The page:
The principal U.S. arms control negotiator, Max Kampelman, has advocated the defense of missile sites in the United States. This would do little to enhance the credibility of the nuclear deterrent, since it would leave the U.S. populations exposed. The criteria arms control adviser Paul Nitze has laid down for building a strategic defense system seem unlikely to be met. President Reagan, nearly alone, speaks of the need to defend the American population as a means to escape nuclear devastation. But even if research proves this to be feasible, it will be a decade and a half before any such weapon can be built -- and probably longer, since the administration has committed itself to negotiate before actual deployment.
The United States is in danger of justifying a strategic defense for the late 1990s by so emphasizing the horrors of nuclear war today that it will wind up with a strategy based on weapons it dares not use, stigmatized by an arms control policy that professes to seek to banish them without at the same time developing any sustainable alternative for the immediate future.
In this climate, a debate about budgetary levels is peripheral to the central strategic problem: the relation of means to ends and of weapons decisions to arms control policies. And surgery could be dangerous because it would shift the debate to the wrong issues while perpetuating all current dilemmas. The merit of individual weapons is not the issue; a reexamination of U.S. overall strategy is.
Unfortunately, the current organization of the Defense Department is a principal obstacle to this effort. The National Security Act of 1947 established a Joint Chiefs of Staff representing the heads of the military services. The chairman is first among equals; the chiefs operate on the basis of consensus -- a practice that tends to produce a large staff, masses of memoranda and the least common denominator.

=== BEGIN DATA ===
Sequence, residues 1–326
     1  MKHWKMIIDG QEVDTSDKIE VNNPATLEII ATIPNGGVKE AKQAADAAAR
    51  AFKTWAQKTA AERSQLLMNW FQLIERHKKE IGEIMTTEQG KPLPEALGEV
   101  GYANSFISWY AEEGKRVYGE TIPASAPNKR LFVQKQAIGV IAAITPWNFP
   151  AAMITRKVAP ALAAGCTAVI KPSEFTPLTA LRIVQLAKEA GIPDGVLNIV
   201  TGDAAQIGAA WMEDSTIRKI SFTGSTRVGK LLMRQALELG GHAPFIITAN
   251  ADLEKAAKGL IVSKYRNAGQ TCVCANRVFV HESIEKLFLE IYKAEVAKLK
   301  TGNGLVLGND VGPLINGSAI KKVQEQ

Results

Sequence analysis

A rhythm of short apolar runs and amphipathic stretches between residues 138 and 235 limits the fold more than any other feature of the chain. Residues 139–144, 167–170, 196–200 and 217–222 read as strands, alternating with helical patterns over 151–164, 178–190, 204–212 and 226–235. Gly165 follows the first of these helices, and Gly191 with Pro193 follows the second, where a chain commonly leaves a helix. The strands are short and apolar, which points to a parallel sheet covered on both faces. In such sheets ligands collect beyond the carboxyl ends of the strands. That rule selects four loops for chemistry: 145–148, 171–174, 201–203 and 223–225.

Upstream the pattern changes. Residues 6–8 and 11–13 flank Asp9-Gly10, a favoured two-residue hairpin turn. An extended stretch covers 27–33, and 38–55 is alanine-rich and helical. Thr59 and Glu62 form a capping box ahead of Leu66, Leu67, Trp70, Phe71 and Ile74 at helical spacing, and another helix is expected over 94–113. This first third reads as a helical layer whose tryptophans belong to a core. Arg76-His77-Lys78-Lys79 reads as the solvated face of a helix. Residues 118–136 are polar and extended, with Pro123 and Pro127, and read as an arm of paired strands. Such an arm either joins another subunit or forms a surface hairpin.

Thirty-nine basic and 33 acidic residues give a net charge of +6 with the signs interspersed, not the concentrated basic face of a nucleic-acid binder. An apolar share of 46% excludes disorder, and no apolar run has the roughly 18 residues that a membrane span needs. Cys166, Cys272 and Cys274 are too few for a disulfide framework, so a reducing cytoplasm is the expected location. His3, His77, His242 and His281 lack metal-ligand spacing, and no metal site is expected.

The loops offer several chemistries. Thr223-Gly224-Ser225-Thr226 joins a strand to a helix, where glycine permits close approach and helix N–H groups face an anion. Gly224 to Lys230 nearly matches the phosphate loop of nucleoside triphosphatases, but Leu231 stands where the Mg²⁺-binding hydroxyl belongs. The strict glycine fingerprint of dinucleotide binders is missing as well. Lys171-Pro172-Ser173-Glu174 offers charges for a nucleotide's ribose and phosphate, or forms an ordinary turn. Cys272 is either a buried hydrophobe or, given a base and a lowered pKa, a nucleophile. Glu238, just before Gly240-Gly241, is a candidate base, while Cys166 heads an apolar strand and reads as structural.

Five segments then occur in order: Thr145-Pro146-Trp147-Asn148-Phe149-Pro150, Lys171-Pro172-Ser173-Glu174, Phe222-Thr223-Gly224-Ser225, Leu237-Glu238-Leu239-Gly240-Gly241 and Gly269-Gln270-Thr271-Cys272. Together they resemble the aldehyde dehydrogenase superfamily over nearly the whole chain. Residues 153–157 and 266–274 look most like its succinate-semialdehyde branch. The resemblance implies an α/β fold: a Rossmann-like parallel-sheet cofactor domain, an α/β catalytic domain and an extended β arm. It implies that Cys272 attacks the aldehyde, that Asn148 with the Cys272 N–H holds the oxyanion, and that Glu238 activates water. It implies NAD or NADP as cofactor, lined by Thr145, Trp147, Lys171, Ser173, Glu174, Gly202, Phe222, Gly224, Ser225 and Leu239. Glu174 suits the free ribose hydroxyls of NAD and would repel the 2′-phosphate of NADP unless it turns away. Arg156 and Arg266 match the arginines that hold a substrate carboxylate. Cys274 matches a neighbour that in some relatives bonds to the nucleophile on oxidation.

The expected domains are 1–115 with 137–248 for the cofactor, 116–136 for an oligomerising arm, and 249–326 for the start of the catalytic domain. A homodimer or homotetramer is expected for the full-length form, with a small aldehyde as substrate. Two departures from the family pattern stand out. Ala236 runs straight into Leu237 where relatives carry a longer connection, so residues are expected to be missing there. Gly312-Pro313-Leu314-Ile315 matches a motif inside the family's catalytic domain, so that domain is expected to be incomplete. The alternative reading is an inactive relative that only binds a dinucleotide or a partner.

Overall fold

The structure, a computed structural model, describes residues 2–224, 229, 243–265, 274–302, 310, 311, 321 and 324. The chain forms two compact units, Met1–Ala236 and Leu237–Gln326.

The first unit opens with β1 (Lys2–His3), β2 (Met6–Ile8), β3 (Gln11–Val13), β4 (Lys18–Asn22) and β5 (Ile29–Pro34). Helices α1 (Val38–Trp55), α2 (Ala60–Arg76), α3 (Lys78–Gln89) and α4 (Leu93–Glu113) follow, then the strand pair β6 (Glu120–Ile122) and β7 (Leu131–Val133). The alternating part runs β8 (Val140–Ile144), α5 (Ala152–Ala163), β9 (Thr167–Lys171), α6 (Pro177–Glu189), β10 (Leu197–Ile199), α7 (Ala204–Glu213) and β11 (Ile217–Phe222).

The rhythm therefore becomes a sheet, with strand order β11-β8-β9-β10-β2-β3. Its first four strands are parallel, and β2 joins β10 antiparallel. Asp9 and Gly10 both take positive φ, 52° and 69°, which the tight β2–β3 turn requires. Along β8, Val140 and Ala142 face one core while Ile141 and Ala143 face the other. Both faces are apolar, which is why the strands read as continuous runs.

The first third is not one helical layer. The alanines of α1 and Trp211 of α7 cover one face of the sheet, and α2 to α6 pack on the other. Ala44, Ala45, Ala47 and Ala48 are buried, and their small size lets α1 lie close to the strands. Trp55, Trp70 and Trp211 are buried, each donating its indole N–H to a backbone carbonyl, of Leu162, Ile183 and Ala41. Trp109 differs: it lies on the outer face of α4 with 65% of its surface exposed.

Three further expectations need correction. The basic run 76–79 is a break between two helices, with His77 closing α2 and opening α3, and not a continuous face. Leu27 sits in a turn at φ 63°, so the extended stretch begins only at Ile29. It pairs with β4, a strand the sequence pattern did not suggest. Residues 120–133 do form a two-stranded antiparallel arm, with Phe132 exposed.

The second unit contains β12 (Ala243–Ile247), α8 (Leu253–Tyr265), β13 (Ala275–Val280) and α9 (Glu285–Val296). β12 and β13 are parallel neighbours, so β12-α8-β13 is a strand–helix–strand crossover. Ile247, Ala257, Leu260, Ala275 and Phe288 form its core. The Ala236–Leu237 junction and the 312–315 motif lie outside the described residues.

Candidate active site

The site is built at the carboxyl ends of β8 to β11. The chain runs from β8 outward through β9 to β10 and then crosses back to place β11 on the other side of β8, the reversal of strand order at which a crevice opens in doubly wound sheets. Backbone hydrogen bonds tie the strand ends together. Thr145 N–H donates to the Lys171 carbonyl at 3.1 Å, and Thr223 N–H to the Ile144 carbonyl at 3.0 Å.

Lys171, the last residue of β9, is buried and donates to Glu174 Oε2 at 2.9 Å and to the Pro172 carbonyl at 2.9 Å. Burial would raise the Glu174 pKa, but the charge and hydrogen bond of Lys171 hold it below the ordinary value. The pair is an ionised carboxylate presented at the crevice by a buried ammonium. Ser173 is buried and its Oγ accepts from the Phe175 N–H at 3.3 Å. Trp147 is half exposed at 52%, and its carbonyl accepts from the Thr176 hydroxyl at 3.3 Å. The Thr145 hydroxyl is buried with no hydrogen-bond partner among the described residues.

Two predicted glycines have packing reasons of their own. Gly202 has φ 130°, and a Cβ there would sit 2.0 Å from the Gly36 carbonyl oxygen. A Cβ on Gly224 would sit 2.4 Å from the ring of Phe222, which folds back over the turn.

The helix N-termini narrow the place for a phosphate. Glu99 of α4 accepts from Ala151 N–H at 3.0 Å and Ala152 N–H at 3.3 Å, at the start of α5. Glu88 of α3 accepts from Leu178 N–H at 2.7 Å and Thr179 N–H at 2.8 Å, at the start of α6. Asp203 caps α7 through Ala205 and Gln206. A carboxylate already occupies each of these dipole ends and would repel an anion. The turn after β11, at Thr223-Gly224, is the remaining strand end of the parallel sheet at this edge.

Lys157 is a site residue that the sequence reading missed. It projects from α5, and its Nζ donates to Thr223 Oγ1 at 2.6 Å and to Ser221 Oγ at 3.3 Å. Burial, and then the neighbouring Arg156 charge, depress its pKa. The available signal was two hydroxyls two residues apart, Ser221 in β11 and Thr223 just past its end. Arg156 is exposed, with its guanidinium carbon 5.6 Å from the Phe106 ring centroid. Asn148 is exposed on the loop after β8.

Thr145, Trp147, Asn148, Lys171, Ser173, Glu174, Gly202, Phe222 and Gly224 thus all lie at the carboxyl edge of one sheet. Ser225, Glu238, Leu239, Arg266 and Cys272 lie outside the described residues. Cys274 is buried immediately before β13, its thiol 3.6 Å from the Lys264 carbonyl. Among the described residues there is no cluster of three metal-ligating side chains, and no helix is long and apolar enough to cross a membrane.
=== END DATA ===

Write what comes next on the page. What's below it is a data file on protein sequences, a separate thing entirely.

Edward Luttwak in a seminal new book -- "The Pentagon and the Art of War" -- has demonstrated the paralyzing impact of this state of affairs on operational planning and procurement.
The consequences for overall strategy are even more worrisome. Strategic planning occurs, if at all, in the joint commands, where the relevant services are brought together for specific missions. But the heads of the joint commands neither serve on the Joint Chiefs nor control their constituent elements in peacetime.
By contrast, the inevitable and natural concern of the service chiefs -- with their competitive and often mutually exclusive mandates -- is the future of their services, which depends on their share of the total budget. Their incentive is more to enhance the weapons they have under their exclusive control than to plan overall defense policy.
Interservice rivalry thus institutionalized is magnified by the extraordinary swings of congressional mood with respect to the defense budget.
The sharp increase of the 1960s was followed by a relentless assault on defense expenditures in the 1970s. The buildup of the Reagan administration had strong support in the beginning; it now confronts growing opposition.
Faced with such a pendulum effect, the service chiefs seek to protect their own by turning strategy into procurement. In periods of budgetary plenty, they spread the increase over as many weapons categories as possible. In periods of budgetary stringency, they tend to cut not the infamous $10,000 wrench but something visible and painful to evoke the greatest degree of public backlash. This leads me to the following conclusions:
* The defense budget submitted for this year should be approved with at most cosmetic reductions. It is not suited for political compromises related to the deficit.
* Before the next budget is submitted, top priority must be given to the development of a coherent defense strategy that takes into account the revolution in technology and provides real and immediate alternatives to the concept of assured destruction. Personally I doubt that there is a cut-rate route to this objective.
* Arms control policy should be treated not as a negotiating tool after weapons are already designed but as an integral part of the budgetary cycle.
* The military organization of the Department of Defense should be revised. The powers of the chairman should be strengthened, his staff augmented and missions should be related to actual tasks.
Such an approach should remove national defense and arms control from partisan politics. The requirements of American security do not change every four or eight years.